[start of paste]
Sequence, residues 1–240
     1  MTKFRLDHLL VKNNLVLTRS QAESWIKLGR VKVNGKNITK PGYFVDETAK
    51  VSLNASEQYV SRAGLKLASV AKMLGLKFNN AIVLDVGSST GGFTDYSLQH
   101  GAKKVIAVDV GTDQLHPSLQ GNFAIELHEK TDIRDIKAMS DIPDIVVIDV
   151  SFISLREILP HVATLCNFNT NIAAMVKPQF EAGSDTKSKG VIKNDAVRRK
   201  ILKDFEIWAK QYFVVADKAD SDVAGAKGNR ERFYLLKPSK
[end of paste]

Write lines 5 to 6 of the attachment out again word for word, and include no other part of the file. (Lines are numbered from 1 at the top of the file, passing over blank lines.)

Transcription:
   151  SFISLREILP HVATLCNFNT NIAAMVKPQF EAGSDTKSKG VIKNDAVRRK
   201  ILKDFEIWAK QYFVVADKAD SDVAGAKGNR ERFYLLKPSK